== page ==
Processing Ocean Fruit Wine with Screw Pine Fruit


Pandanus tectorius is a species of Pandanus that is indigenous to the Pacific Islands and eastern Aᴜsᴛʀᴀʟɪᴀ of Malesia. It often grows on coastal lowlands ᴄʟᴏsᴇ to the water’s edge. Thatch screwpine, Taʜɪᴛian screwpine, Hala tree, pandanus, and put Hala are some of the common names for this plant in English.
The Hala fruit is a sizable edible fruit that is found in Southeast Asia, eastern Aᴜsᴛʀᴀʟɪᴀ, the Pacific Islands, and Hawaii. It is made up of multiple pieces known as keys or cones. One of the 750 or so trees that make up the Pandanus species is the Hala fruit tree, also known as the Taʜɪᴛian screw pine or thatch screwpine.

Pandanus fruits have an oily, protein-rich, nutty-tasting seed that is edible both raw and cooked when they are fully ripe. For the coastal Aboriginal people, this was a staple diet. After cooking, the fruit pulp can be eaten in a huge swirly pattern with ancient leaf scars encircling the stems, giving the fruit its common moniker, “screw fruit.” The unusual, pineapple-like fruits produced by female, sun-grown plants are where the pine gets its name.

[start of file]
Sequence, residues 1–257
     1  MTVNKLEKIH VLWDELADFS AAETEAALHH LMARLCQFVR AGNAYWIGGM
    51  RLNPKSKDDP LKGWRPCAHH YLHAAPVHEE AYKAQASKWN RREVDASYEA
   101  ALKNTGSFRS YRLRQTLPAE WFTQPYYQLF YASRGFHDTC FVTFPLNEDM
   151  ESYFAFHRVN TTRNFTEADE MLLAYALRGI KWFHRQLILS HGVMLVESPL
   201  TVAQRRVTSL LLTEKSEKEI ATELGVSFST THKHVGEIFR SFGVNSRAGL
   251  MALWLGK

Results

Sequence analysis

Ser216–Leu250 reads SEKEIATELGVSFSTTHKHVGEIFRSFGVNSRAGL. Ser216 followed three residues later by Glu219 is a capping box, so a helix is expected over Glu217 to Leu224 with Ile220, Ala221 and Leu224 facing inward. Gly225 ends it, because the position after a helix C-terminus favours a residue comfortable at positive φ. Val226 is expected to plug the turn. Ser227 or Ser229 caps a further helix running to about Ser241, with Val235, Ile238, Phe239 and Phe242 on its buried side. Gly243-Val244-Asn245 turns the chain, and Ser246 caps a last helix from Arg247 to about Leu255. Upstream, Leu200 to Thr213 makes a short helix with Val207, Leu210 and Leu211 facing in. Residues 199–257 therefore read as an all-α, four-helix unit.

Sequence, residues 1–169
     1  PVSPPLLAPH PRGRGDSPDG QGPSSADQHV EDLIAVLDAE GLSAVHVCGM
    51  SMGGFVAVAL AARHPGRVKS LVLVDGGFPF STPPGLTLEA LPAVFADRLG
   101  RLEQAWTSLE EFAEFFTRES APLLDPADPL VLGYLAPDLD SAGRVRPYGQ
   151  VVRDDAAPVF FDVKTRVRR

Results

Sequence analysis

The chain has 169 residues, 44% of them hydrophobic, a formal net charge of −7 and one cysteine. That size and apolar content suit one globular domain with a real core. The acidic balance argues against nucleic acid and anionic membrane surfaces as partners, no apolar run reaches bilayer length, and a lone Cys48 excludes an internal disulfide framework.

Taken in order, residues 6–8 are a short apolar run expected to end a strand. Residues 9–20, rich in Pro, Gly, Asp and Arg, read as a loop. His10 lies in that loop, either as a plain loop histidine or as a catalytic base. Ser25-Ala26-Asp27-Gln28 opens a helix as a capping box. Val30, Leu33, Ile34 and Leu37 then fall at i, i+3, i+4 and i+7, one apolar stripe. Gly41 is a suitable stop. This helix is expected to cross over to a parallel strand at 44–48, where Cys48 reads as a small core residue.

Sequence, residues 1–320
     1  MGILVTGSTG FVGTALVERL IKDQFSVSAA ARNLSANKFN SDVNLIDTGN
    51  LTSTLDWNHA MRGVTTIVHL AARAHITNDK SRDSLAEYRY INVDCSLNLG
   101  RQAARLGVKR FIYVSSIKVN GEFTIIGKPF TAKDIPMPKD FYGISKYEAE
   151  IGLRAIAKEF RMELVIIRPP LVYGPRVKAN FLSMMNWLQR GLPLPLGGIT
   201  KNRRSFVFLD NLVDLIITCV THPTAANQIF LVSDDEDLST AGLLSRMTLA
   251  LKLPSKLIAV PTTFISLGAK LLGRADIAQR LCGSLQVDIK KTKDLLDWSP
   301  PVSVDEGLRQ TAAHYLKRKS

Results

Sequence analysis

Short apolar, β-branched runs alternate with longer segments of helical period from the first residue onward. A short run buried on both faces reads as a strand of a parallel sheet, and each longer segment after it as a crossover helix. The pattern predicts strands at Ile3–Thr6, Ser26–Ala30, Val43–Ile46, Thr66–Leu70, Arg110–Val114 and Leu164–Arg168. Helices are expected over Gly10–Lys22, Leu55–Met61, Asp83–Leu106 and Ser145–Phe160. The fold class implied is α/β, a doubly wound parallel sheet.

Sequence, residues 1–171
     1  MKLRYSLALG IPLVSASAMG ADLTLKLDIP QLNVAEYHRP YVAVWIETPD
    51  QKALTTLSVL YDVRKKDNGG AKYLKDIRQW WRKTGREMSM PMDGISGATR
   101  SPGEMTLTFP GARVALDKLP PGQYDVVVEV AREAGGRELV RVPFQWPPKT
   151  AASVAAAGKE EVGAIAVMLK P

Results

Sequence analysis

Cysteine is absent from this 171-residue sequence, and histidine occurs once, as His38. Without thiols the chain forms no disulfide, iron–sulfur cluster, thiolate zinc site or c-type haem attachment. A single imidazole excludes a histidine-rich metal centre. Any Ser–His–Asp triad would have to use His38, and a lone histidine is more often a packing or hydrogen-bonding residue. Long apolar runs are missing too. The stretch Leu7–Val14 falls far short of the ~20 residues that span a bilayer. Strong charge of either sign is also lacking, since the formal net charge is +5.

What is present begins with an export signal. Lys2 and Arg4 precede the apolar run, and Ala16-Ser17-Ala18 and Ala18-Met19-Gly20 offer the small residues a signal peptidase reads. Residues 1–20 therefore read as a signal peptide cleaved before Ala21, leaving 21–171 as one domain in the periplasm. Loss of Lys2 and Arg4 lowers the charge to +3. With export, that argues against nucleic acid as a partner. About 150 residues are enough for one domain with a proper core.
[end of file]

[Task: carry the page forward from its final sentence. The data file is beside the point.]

The ability of these trees to send out roots up to fifteen feet above the ground is one of their most peculiar traits. These roots are protected until they reach the ground by cellular substances at specific points, and once they do, they serve the tree well by both absorbing nutrients for its use and keeping it firmly upright against blustery winds from the ocean. Cork is made from the rough, soft part of roots; the fibers are from Taʜɪᴛian indigenous; mats made from them and stained with various colors are occasionally on display in this nation’s museums.

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